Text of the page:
In this latest edition of “Difference Makers,” NCN sits down with Julia Nelmark, who serves as President and CEO of Midwest Minnesota Community Development Corporation (MMCDC) and CEO of White Earth Investment Initiative (WEII), a MMCDC subsidiary. A federally certified Native CDFI, WEII helps create jobs and improve community life for the White Earth Nation and other Native communities across Minnesota through homebuyer education, individual homeownership advising, financial counseling, business and consumer lending, tax preparation support, and other efforts.

Prior to becoming chief executive of MMCDC and WEII, Nelmark served as MMCDC’s Director of New Markets Tax Credit Financing for 15 years. Originally from Illinois, she currently serves on the board of the Citizen Potawatomi Community Development Corporation, and she previously served six years on the Board of Directors of the Opportunity Finance Network (serving as OFN’s Board Treasurer and Audit Committee Chair for part of that time). She also serves on the New Markets Tax Credit Coalition Board and Executive Committee.

In this uplifting conversation with NCN, Julia shares the evolution and growth of both MMCDC and WEII and stresses the importance of relationship building and information sharing between Native CDFIs.

NCN: Greetings Julia, it’s good to have you with us today. Welcome.

Nelmark: Thank you. It is great to be here.

NCN: Why do you do what you do? How and why did you come to lead the Midwest Minnesota Community Development Corporation (MMCDC) and its subsidiary, the White Earth Investment Initiative (WEII)?

Nelmark: I actually did not go looking for this work. I spent 15 years working in accounting, finance, and planning areas for a few manufacturing companies, and I knew very little about nonprofit work. I learned about MMCDC from a prior company I worked with and then came to work here and found that spark that had been missing. I get paid to help people, and that adds so much personal satisfaction. This work fits in with how I was raised in terms of helping others in any way needed. I’m still here after 18 years and enjoying every minute of it. I ran MMCDC’s New Markets program for 15 years, during which I was able to work with several tribal or Native businesses throughout Minnesota and also in other states. Soon after I became MMCDC’s President near the end of 2018, I also then became the White Earth Investment Initiative CEO. Our organizations are rather complex. We’ve got a number of products and services across a wide area, particularly because we’re rural organizations. We view our company first as a business that also is not for profit, meaning we don’t maximize profit, but we need some profit to support our work for us to be sustainable and continue helping communities and businesses grow, and improve the lives of individuals as our mission says. We need to ensure we have the financial strength to do so and to be able to add new programs and services when they’re needed.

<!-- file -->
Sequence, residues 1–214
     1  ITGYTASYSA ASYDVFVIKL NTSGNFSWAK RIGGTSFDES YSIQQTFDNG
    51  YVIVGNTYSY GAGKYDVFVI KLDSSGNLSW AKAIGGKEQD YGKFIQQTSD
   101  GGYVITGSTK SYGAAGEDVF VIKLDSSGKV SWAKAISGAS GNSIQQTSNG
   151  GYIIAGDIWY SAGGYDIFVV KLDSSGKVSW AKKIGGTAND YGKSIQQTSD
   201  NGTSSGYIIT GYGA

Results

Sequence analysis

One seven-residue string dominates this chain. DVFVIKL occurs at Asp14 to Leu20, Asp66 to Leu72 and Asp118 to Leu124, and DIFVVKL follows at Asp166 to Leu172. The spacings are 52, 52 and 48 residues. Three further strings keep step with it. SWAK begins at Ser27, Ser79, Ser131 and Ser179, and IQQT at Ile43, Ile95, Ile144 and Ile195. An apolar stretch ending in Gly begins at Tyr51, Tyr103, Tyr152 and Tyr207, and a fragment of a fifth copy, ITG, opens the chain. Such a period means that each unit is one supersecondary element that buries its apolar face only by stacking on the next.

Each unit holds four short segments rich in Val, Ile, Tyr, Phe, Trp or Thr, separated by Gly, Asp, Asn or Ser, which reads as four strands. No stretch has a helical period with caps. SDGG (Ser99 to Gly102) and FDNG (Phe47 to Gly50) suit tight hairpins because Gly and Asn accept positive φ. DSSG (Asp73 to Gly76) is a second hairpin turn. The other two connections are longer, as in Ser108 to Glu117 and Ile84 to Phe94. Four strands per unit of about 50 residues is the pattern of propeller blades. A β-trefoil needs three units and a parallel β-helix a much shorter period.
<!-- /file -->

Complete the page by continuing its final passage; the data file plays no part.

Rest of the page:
NCN: You mentioned that your setup is a bit complex between MMCDC, the parent organization if you will, and then WEII, its subsidiary. Can you briefly describe the relationship between those two and how they work hand in glove?

Nelmark: Sure. MMCDC was started 51 years ago in the original wave of community development companies, and in that formation focused on seven counties in northwest Minnesota. The White Earth Reservation was included, and MMCDC found over the years that what works for most areas does not necessarily work on reservations. And so a strategic objective 20 years ago was set for MMCDC to invest $20 million over 20 years on the White Earth Reservation. Part of that strategy then was to form the White Earth Investment Initiative, so it was formed as a separate nonprofit. Both are 501(c)(3)s, and both have been federally certified as CDFIs, with the Initiative as a Native CDFI, as 80% of its board and half of its staff are Native Americans.

“CDFIs are mission-based lenders, and we have a lot of folks at federal agencies setting policies and programs for CDFIs that have never been lenders and don’t understand that aspect. Even more with Native CDFIs, many don’t understand Native people and their history, so they need to listen.”

NCN: As you know, there are more than 70 federally certified Native CDFIs across the country and many more “emerging” CDFIs following in their footsteps. Why did Native communities feel it necessary to create CDFIs, and what fundamental role do they play?

Nelmark: There are many, varied CDFIs focused on different areas throughout the country geographically and programmatically. Native CDFIs are needed to bring that special awareness of Native community needs. MMCDC realized years ago, as I mentioned, that what works elsewhere doesn’t necessarily work on reservations. And so with the formation of the Initiative for us, for example, it brought in a much deeper focus on understanding the Native community, working with focus groups, community engagement, getting to know people, establishing relationships. That perhaps is one of the biggest factors that for-profit companies don’t understand about the Native world – that we have to establish those relationships, get to know the communities, become part of them, and learn what their needs and desires are, not what we think they are.

NCN: What do policymakers, philanthropy, and the general public who aren’t familiar with Native CDFIs need to understand about them and the difference they make?

Nelmark: I think there is a more fundamental gap than just understanding Native CDFIs. Most people, including policymakers, don’t really understand Native Americans and their cultures, and even fewer understand the history and how reservations came to be. With about 80% of the U.S. population living in urban areas, rural reservations tend to be out of sight for most people. So policymakers need to learn about the people, the stories, visit the communities to see and then start to understand. They need to ask what is needed, not dictate. Not to sit in Washington, D.C. and say, “We think you need this.” Federal agencies are notoriously poor at directing programs they’ve never been a part of. CDFIs are mission-based lenders, and we have a lot of folks at federal agencies setting policies and programs for CDFIs that have never been lenders and don’t understand that aspect. Even more with Native CDFIs, many don’t understand Native people and their history, so they need to listen.